Then of course a new airport, out at sea, meaning far less disruption and noise pollution in London, leading to the closure of Heathrow. It can operate 24 hours a day. Far more connectivity to the emerging economies- if you want to rebalance the economy, to a more manufacturing base, then you need to be able to sell your goods to the emerging economies – with little to no connection, we are seriously falling behind.

    The problems you talk about.
    1) Cost – The airport itself could be financed by sovereign wealth funds
    2) Climate change – I agree obviously that this is a problem, but seeing as aviation makes up only a small amount of UK emissions, it possible to expand and still meet the 80% reduction.
    3)Bird Strike – There are technologies around (employed at EVERY airport) that can help prevent this. Similar airports, such as Hong Kong International, do not seem to have this problem.
    4) Protected birds – Yes obviously these should be protected. It is estimated that 20km^2 will be destroyed in the construction of this airport. However. You have failed to mention that the Foster plans include a new 60km^2, made from land reclamation, will be built little further North
    5) SS Montgomery – Scraping the barrel here Julian, the problem can easily be avoided by err…not going near it in construction. The location is already one of the busiest shipping lanes in the world – has been a problem so far.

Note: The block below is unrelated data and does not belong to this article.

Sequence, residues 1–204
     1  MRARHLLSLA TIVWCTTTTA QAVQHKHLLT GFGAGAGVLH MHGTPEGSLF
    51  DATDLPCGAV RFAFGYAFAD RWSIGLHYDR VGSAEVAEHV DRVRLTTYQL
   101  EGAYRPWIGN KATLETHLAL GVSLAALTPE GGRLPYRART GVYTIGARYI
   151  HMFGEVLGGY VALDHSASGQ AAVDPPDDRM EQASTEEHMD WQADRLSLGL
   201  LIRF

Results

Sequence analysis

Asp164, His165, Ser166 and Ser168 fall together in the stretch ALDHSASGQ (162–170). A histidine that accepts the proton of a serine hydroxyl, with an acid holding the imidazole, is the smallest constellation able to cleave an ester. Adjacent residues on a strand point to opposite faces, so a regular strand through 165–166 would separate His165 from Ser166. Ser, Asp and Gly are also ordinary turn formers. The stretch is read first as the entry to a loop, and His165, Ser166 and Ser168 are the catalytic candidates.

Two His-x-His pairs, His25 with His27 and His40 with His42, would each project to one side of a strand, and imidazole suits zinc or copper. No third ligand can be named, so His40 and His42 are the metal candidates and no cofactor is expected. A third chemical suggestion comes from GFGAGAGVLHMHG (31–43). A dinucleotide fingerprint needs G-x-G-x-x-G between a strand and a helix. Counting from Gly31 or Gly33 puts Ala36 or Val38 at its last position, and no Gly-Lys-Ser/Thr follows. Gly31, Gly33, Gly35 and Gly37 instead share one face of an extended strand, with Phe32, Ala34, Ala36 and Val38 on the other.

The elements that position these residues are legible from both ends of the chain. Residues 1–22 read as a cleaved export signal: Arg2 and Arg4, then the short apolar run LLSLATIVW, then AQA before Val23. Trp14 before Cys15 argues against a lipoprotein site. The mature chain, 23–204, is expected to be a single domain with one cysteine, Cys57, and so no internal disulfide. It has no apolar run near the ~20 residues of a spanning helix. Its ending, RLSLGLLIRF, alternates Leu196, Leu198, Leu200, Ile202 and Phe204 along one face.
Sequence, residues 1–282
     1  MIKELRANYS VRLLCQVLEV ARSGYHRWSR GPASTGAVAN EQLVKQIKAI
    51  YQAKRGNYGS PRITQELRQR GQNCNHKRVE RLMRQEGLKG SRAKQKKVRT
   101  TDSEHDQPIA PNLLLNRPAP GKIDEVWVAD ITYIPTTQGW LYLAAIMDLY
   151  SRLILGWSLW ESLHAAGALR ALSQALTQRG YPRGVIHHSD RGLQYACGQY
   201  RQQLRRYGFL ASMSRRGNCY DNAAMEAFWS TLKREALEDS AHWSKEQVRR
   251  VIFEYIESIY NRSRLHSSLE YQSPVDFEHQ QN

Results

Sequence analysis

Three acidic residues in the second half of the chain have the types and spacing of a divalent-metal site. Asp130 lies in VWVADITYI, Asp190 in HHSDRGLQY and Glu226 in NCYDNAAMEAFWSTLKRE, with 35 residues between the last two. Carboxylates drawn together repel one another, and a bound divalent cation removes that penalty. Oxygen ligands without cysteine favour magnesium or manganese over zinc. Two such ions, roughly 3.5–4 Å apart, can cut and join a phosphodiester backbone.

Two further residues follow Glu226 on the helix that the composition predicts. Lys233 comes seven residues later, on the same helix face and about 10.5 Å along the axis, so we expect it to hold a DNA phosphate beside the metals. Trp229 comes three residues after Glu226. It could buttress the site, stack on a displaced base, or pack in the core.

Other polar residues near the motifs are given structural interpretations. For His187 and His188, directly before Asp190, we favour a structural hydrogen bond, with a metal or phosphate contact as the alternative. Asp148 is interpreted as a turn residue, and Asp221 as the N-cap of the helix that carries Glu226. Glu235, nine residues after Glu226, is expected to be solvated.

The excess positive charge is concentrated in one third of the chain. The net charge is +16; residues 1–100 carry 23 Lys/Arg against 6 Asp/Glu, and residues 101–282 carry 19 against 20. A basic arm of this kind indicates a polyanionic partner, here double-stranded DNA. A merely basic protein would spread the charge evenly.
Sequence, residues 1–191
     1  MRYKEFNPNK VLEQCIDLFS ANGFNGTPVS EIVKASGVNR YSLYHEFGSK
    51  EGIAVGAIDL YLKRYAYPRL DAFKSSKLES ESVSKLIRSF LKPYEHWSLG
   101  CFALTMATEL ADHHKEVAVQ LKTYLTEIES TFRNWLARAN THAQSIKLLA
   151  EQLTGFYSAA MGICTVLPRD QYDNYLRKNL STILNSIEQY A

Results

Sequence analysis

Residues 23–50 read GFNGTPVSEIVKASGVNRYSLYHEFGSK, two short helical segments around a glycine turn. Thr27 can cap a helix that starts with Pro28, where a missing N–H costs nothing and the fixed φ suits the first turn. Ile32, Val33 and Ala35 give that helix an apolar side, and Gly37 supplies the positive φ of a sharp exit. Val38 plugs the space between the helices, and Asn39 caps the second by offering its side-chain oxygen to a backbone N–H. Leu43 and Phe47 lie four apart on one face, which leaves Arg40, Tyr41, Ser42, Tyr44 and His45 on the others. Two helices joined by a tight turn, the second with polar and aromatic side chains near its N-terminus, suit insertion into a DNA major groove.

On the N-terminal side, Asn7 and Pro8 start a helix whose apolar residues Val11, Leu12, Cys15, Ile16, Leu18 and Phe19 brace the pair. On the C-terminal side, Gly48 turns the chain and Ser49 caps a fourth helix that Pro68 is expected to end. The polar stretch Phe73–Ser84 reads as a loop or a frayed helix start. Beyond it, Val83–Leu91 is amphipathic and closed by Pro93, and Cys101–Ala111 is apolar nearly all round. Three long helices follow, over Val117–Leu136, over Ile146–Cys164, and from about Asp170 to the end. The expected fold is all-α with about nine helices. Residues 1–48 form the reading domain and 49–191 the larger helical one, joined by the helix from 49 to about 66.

• Boris is as worried about the lack of flights to China and Brazil now as he is about a theoretical lack of capacity in 2050. We need to move away from doing the absolute minimum necessary and have a vision that will deliver better long term results.

    It’s very much like the Borisbus. It one sense that was also a cynical election ploy, but it’s also more than that. We could have used an off the shelf double decker, but we’re getting something better. The fact that Boris is happy to bring this kind of long term planning into elections is something to be applauded, it’s democracy in action. People are going to get a say on an airport long before any public consultation.

  • jenny barnes 22nd Jan '12 - 9:56am

    We don’t need a hub in London. There’s a very good global hub in Dubai. With flights from all sorts of places in A380s and 777s. Emirates operate direct flights from both major London airports, Glasgow, Manchester, Newcastle, Birmingham…with onward connections to the rest of the world.
    But Boris island looks like a great idea to me. As long as we can tax aviation fuel. I think that would be fair.

  • A hub in Dubai is not much use if I want to go to Halifax, Nova Scotia!

  • John Faulkner 22nd Jan '12 - 12:40pm

    I find it depressing in all these conversations that the dangers of climate change, resource depletion and other environmental issues are put in a separate box as soon as we discuss other issues. There is no business as usual going ahead. Green issues have not become embedded in our way of thinking yet, it is very sad.